What a cruel, cruel (hilarious?) joke it would be if the Pistons stopped Rodman's number half way up to the rafters and Mason yelped over the PA, April Fools!!!!!! Greg Mooooooooooose beeeebop-robocop-Monrobocop-Monroeeeee wears that number!! And then we'll retire it in his honor...
Okay, not that funny maybe. Especially since Kuester would probably find Rodman in his truck later with a .22 caliber rifle. Hey, I don't know what you've got planned with that, and if I did I wouldn't know how to handle the situation, but let me use that when you're done.
But, seriously, tonight is the Dennis Rodman number retirement ceremony. Other Bad Boys will be in attendance to see a great, well-deserved honor for one of the baddest of Bad Boys. And, with that, it seems like it's as good of a time as any to end the DBB shootaround boycott, er, excused absences and hit up some links.
- A timeline of Rodman's NBA years via Detroit Free Press.
- Teammates remember Rodman fondly, including an amazing throwback photo gallery.
- Eli Zaret takes a look back at Rodman's career. What a great road from late 2nd round pick (Jack McCloskey saying Rodman didn't know how to play) to winning consecutive DPOYs (Jack McCloskey saying Rodman ruined one of his suit coats), to his trade to the Spurs, to tonight (Jack McCloskey saying Rodman is the greatest defender that has ever played). This is probably a nice preview of the tribute video you'll see tonight.
- Chris Iott at MLIVE did some crowdsourcing on Rodman via the Twitters. Some high, well-deserved praise for The Worm. Of note: former Piston blogger @PistonsNation thinks tonight is a publicity stunt.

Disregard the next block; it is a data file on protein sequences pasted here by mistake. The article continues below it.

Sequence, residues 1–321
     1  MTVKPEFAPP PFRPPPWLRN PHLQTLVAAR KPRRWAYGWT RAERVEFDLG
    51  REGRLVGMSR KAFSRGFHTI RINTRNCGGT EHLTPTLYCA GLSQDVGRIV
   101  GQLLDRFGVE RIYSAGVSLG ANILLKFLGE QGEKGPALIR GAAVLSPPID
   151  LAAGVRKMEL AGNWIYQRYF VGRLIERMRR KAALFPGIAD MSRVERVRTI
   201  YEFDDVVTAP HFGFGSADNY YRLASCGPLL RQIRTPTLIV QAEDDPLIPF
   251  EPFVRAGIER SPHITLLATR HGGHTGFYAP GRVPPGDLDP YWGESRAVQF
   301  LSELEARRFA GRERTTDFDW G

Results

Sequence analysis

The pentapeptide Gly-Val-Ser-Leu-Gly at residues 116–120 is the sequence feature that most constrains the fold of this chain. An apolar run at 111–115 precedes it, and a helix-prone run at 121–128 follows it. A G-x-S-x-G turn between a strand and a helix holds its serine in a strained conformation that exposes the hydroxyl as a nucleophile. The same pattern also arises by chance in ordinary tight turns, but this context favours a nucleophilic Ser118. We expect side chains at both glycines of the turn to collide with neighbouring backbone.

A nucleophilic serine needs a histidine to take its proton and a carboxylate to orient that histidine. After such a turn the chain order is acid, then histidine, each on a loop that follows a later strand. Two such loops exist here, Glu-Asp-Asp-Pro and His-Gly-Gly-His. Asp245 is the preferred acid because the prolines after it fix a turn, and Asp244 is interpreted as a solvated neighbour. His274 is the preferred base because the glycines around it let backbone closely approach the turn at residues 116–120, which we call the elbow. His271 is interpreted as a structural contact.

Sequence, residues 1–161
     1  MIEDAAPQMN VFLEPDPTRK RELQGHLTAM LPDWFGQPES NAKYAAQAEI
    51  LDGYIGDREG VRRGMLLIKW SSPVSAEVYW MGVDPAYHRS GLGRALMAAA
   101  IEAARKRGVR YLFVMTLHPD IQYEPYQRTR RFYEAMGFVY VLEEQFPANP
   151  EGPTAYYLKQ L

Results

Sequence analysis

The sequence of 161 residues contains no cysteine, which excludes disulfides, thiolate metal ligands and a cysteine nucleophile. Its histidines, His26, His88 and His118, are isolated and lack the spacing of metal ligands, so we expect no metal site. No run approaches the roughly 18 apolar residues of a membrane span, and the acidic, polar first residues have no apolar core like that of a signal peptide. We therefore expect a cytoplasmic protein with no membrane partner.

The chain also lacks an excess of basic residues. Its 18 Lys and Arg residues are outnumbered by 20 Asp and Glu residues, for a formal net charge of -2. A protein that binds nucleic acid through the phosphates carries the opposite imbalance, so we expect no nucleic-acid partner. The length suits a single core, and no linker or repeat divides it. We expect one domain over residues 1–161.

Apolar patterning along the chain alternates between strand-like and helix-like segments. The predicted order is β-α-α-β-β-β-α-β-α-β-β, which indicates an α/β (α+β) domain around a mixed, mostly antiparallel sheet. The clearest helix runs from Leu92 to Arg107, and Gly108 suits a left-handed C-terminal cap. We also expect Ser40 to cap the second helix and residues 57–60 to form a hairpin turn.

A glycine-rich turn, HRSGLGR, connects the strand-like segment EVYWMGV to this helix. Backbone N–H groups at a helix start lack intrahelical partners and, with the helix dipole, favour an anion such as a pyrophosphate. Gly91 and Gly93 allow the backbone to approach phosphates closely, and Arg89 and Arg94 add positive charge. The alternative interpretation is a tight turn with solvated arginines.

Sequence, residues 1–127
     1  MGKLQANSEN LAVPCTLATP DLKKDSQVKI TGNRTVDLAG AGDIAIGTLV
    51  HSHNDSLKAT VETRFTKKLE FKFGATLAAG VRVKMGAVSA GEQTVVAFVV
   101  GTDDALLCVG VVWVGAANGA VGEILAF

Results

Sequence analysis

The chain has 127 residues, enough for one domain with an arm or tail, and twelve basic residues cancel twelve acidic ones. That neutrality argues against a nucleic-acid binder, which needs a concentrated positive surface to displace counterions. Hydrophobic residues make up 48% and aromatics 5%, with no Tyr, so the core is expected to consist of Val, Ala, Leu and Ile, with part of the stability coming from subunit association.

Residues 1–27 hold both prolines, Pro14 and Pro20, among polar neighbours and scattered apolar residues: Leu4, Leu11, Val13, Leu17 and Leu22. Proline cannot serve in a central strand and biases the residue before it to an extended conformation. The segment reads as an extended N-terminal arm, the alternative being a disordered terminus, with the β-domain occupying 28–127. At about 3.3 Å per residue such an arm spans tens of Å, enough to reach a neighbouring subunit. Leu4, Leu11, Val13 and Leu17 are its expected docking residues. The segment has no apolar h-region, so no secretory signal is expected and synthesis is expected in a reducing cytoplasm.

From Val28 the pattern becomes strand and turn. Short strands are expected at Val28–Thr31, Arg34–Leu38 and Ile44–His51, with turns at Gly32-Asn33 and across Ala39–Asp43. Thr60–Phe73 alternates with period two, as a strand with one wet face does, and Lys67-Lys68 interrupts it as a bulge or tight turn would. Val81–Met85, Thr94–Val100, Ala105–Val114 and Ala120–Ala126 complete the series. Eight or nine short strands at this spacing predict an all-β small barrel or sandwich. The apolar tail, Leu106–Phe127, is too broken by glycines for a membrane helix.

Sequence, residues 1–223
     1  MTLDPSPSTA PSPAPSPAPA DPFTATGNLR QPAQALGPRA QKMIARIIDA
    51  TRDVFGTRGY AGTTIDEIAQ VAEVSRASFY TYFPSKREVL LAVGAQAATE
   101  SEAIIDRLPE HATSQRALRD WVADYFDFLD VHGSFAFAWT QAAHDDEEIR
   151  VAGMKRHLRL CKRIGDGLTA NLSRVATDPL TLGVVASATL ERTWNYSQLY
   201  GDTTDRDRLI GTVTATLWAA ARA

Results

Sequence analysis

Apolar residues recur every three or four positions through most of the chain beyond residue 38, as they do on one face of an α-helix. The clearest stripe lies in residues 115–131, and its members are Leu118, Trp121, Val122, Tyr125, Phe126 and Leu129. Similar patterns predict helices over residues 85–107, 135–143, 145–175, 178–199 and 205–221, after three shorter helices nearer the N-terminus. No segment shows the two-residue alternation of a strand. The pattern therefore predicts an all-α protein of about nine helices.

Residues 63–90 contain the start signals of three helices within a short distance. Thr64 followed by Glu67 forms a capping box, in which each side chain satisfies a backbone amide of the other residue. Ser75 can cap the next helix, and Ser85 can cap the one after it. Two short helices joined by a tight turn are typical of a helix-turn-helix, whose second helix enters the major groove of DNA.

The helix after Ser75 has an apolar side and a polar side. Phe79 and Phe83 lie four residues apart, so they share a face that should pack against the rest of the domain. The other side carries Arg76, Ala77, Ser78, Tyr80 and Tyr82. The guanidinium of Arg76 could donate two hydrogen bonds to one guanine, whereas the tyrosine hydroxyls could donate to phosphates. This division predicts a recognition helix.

- Terry Foster's column on Rodman includes a Snooki lede.
- Artsy Rodman computer wallpaper at Need4Sheed.
Maybe Dennis Rodman can find his way: A re-published 1993 column by Mitch Albom.
Other Pistons links after the jump:
This time last year, scouts were mixed on Monroe. They liked his talent, skill and length but had questions surrounding his inconsistent motor. Would he engage as a rebounder? Would he be a paint presence? Would he find ways to be a significant producer consistently?
As Pistons fans now know, the answers to those questions are yes, yes and yes. Monroe is entrenched in the starting lineup, one of just a handful of first-round picks who can say that. He's a double-double threat every night now after not getting his first until Jan. 4 -- a 14-and-11 game against the Lakers in L.A. Since then, he has recorded 17 more and missed a double-double by one rebound or point in four other games.
Monroe has learned to compete harder and for longer stretches, and he's doing so while fouling less often. In fact, he rarely has had to worry about being in foul trouble, which is gold for a starting rookie center. He has gone from a big guy with questions about his future to the big guy his franchise will build around. That makes Monroe our 2011 MIP.